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Jul 24

The Splendors of the Santa Fe Folk Art Market

Last week we returned from the yearly “pilgrimage” to the Santa Fe Folk Art Market. This year’s market felt especially fresh, mostly attributable to a third of the artisans being first-timers which meant new textile treats and new friends. Imagine these new artisans being in the U.S. for the first→ Read more

Jul 10

Lao Weaving + Natural Dyes = Hand Woven Cloth

At the start of every trip, I’m reluctant to plop down money at the first hand woven textile which calls to me. But here I was on my first visit to Laos where “Everyone knows how to weave but not how to survive with their weaving” (as explained to me→ Read more

Jul 03

Celebrate Natural Dyes Red, White, and Blue

Celebrate the Fourth with natural dyes explosion of color–crimson red from cochineal, white (how natural, no dye needed), and blue from indigo. Early Americans used natural dyes to create the flag’s signature red stripes and blue canton.→ Read more

Jun 25

100% Natural Anjat Basket: Hand Woven Rattan with Natural Dyes

Without fail, the most common asked question to an artisan or maker, is “How long did it take you to make that?” In the case of this Anjat basket which is handwoven and naturally-dyed from the bast fiber rattan, the answer would depend on whether it includes the growing and→ Read more

Jun 16

Two Simple Ways to Hang and Display Textiles

How many times have you taken your favorite textile and just pinned it up on the wall? Or grabbed a rod or stick, and folded the textile over it, securing it with a pin or tape to hold it in place? It’s easy enough to do. But it’s certainly not→ Read more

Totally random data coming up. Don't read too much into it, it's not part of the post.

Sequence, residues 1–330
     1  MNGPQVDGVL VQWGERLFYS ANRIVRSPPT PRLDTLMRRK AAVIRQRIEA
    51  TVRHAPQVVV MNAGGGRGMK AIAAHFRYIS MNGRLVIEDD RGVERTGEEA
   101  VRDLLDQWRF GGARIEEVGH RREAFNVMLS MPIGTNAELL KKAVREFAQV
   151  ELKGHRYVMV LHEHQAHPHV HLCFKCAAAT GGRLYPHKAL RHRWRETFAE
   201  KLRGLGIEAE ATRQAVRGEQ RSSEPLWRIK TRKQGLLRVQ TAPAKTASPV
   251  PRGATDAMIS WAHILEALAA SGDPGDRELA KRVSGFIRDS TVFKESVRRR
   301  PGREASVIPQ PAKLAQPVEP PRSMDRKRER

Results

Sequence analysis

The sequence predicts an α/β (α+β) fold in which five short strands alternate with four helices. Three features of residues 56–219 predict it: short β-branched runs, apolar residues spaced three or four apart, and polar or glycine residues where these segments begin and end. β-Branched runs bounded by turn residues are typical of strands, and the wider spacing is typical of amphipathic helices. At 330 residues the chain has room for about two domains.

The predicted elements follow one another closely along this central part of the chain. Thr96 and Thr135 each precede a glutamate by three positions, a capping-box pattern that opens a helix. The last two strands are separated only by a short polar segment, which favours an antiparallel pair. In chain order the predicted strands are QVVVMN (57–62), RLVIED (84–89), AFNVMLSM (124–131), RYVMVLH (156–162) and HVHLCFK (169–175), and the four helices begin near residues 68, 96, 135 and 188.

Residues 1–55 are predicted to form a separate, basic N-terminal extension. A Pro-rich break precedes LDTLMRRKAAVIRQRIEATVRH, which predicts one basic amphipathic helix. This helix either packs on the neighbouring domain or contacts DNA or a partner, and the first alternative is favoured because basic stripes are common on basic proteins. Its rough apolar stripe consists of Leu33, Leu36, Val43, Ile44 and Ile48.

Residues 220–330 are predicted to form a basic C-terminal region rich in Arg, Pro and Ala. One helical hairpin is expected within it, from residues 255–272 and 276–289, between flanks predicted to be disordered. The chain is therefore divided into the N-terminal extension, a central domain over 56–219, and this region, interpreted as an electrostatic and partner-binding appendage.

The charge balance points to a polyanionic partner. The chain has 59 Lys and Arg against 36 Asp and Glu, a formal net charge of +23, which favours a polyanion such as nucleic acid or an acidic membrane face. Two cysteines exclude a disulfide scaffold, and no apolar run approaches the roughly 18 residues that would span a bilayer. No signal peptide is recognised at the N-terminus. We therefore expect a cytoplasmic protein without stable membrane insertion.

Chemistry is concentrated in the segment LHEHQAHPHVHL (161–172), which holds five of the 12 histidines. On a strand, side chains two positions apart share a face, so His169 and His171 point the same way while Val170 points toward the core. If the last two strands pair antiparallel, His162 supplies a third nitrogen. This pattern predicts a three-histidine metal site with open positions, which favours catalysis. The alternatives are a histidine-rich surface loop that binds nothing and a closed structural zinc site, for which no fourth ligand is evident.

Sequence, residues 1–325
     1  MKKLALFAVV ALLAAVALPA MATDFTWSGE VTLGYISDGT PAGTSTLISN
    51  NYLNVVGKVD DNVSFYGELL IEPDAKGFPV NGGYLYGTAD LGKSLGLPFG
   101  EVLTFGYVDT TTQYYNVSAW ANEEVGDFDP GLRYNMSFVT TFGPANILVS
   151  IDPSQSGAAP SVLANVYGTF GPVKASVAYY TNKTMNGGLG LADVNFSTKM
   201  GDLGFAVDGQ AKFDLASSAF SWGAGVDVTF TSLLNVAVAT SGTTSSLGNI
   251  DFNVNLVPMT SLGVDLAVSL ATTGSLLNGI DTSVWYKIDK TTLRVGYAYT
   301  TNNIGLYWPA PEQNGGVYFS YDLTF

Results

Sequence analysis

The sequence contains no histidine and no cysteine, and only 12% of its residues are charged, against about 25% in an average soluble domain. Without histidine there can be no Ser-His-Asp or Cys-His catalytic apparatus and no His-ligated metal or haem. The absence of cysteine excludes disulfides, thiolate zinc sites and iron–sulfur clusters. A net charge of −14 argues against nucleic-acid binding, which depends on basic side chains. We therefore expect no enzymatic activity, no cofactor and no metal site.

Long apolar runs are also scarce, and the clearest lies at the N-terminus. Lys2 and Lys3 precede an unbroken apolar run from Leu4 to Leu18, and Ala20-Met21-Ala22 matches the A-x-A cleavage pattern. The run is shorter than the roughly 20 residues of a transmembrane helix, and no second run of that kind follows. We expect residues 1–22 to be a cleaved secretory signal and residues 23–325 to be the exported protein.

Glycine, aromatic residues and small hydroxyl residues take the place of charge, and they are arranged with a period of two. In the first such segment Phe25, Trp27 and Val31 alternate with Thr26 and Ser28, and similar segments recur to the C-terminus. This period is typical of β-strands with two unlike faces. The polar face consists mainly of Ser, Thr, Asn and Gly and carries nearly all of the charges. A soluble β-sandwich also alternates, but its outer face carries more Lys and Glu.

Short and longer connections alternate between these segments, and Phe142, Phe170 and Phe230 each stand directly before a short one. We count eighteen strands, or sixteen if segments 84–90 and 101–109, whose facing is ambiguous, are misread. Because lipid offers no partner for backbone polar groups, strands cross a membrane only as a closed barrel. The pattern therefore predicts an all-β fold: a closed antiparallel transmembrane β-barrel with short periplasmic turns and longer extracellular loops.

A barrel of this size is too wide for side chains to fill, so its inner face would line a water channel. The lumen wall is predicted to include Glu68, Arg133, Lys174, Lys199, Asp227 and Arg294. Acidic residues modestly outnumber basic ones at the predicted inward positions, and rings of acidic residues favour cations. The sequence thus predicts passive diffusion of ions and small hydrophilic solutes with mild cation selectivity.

Jun 12

Men at Work: Knitting and Weaving in Peru

Chahuaytire man knitting a traditional multicolored alpaca/wool hat.→ Read more

Jun 05

All in the Family: Indian Male Textile Artisans

When we launched ClothRoads, our focus was to support women weaving cooperatives. And we do, mostly. But as we traveled the globe and met more artisans, it didn’t take long to realize the scope had to be expanded to include male artisans too. It became ever more apparent in India—a→ Read more

May 22

Shibori aka Tie-and-Dye

Last year, ikat was the big trend in fabric. This year, it’s shibori. The fashion world has adopted the name shibori to apply to any number of shaped-resist patterns. But shibori is a Japanese word encompassing various types of shaped resists created through the manipulation of fabric. Many textile-producing cultures→ Read more

May 15

An Indigo Blue Day

When packing for the recent Weave a Real Peace (WARP) conference, I realized that my bag was loaded with indigo-dyed or indigo-colored clothes. It reminded me of my navy grade-school uniform. And, as uniforms go, I felt reassured knowing that no matter what I wore, I would be coordinated in→ Read more

May 08

The People of the Loom, an Amuzgo Village in Guerrero, Mexico

Talk about a long-awaited day—we were about to see the finest backstrap-loom-woven brocade textiles produced in Mexico. We were also nearing the end of our fiber tour of coastal Oaxaca, traveling a tad into Guerrero and into the region where the Amuzgo people live, to the town of Xochistlahuaca, which→ Read more

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